As business analysts and practitioners of strategic change, we probably all find ourselves ‘parachuted’ into new organisational situations from time to time. Whether we are working with a new client, business unit, team or department, there is a need to get up to speed with the domain and the culture quickly. In these situations it’s important to learn as much as we can about the organisational situation—whether that’s through document analysis, ad-hoc conversations or other more formal analysis techniques. Yet understanding organisational culture can be much harder, but it is crucial that we try to do so.
A thorough understanding of culture can only really be achieved through spending time in the organisational environment, but there are sometimes signs that can be useful indicators of cultural norms. It is almost like our stakeholders leave a trail of clues for us to follow. And that might even start by looking at the office plants…
Now, more than ever, the business world seems like a hectic, fast-moving and sometimes volatile place. Businesses operate within fast-moving environments and the rate of change can be phenomenally high. Data flows around organisations, and in many organisations decision makers can see more and more data about their business and its environment than ever before. Emerging technology means that previously unimaginable things become plausible, and societal changes and trends mean that customers expect better and better service.
It is an exciting time to be alive, and as business analysts we are front and centre of this ever-changing world. I suspect many people reading this article will be working on some type of initiative that is responding to (or pre-empting) an external change—perhaps a competitive force, a regulatory edict, or a change in customer need.
Yet with such a fast-moving environment, we risk being a generation of knee-jerk decision makers. With so much information and data zooming around an organisation, it is easy to perceive a trend—to see urgency—when we are actually looking at a “blip” or outlier. Or if a trend is emerging, it is easy to make a tacit assumption as to the causation. You can imagine a Sales Manager demanding to know why sales from the website are down 30% in the last few weeks, asking for an urgent analysis of the technology (as she fears the server must have been down). This might lead to a whole “infrastructure refresh” programme and significant levels of investment. But perhaps the real reason (and the bigger problem) is a new competitor has emerged, or an existing competitor ran a temporary promotion. Jumping straight to solution—without appropriately and holistically thinking through the problem—can be a recipe for wasted effort.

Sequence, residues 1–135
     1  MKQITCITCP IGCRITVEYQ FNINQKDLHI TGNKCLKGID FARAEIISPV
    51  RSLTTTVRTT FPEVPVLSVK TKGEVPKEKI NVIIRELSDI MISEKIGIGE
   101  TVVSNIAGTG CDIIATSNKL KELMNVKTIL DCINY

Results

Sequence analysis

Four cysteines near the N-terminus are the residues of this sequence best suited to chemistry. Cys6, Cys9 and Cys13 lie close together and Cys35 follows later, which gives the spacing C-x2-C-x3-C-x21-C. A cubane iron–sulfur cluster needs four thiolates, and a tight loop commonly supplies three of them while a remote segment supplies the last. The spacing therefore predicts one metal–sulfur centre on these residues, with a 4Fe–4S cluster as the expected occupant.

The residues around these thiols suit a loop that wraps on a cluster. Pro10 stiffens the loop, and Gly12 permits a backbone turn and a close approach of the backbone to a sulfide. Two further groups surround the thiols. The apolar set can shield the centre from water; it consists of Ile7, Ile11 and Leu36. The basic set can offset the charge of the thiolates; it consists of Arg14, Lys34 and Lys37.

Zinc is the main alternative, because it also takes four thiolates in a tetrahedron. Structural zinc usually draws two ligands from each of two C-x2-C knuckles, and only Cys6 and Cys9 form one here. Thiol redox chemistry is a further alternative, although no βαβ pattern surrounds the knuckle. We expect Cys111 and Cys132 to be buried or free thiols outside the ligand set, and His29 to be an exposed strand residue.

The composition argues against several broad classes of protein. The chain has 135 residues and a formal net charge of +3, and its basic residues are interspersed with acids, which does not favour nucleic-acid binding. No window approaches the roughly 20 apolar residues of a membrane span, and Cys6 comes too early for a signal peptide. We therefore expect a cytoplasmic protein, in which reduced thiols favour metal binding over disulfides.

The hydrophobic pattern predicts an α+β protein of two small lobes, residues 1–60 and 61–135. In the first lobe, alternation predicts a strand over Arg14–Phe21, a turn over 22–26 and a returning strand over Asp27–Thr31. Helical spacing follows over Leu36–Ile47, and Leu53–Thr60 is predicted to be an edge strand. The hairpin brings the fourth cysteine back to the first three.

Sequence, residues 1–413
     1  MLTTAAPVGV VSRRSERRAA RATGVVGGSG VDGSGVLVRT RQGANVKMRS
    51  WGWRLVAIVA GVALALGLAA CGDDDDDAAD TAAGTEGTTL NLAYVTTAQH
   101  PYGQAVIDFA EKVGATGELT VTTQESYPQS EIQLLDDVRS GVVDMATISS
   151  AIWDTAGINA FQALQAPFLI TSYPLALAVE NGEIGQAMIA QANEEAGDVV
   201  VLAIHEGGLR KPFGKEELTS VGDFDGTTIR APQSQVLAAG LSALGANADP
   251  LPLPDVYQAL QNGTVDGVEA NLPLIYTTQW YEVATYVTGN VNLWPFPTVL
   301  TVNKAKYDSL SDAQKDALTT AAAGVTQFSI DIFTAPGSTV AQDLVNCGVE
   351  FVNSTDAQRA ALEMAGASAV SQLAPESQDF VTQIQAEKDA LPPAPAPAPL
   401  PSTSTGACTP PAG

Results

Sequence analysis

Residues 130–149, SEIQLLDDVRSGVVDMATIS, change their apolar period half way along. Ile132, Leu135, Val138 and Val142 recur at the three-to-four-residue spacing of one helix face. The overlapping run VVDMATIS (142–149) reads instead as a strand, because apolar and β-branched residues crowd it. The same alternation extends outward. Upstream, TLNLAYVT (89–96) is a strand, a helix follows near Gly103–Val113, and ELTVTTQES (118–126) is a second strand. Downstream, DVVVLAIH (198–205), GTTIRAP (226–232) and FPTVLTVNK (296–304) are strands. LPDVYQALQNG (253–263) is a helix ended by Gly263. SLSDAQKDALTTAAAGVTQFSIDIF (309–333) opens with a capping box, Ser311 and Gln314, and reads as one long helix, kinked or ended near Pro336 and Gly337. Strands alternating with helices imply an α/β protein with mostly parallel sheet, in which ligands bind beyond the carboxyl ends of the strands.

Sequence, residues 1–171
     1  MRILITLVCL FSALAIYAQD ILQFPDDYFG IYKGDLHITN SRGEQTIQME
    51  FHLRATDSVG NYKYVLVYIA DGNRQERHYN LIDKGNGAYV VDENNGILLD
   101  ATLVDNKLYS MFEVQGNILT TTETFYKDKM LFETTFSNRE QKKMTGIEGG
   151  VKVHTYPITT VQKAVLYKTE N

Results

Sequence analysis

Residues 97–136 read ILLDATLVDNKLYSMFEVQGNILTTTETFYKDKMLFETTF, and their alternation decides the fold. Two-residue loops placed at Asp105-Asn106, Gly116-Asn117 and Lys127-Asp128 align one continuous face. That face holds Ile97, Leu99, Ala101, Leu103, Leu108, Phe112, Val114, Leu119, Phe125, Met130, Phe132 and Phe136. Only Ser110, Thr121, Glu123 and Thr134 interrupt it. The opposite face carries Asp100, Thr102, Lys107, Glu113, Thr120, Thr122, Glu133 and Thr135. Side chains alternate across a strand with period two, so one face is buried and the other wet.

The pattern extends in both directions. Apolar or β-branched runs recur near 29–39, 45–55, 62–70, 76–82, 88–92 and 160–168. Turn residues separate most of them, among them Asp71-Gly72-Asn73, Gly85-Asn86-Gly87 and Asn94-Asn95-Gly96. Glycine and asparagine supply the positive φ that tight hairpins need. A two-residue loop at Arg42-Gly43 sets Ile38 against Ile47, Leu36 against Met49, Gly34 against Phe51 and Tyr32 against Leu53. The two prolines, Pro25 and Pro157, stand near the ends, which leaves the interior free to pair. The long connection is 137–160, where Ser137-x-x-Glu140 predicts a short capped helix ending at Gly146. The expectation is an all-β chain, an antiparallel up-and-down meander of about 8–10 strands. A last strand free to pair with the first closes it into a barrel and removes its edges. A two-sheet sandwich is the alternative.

As regular readers of this blog will know, I travel a lot with my work. Travel inevitably involves living out of a suitcase, and staying in hotels a lot. Or rather, returning to a hotel after a long day at a client site ready to fall in to bed to recharge for the next day.
Now, the curious thing about hotels is how many seem to have been designed based on what the hotel industry thinks travellers want, as opposed to what they actually want. Plenty of very logical and plausible sounding ideas have been implemented presumably in order to enhance the customer experience. In recent years, it’s all about the scatter cushions; I lose count of the time I’ve checked in to find the bed adorned with a range of pillows and approximately 27 scatter cushions that have been thrown on the bed like confetti.
Read the results of just about any large organisation’s ‘employee engagement survey’, and you’re likely to find communication is amongst the top issues marked as needing attention. With the (often unnecessary) hierarchies, functions and silos that some organisations create, this is hardly surprising. I suspect many of us have worked in organisations that encourage over-communication (“better send this to ‘all staff’ to cover our backs!”) or under-communicate (“Stick it on the intranet, 12 links deep. It’s their responsibility to find it!”). This says a lot about an organisation’s communication culture.
The culture and norms of communication that an organisation cultivates can affect the success of projects too. Foist a new process or system on an unsuspecting “user” and they are likely to react with shock and rebellion. And who wouldn’t—as human beings don’t we all have a need to feel engaged, considered and consulted? Underpinning this is the need to engage and communicate at the most optimum times—avoiding the over/under-communication trap.
Delivering large-scale change in organisations is tricky. When the chips are down and tensions are high, there can be pressure to put in long hours to get the project “over the line”. I’m sure most people reading this will have put in the occasional very late night or early morning at work. Arguably, there is nothing wrong with long hours in the short term, that is the reality of complex projects, yet left unchecked in the long term a worrying pattern could emerge.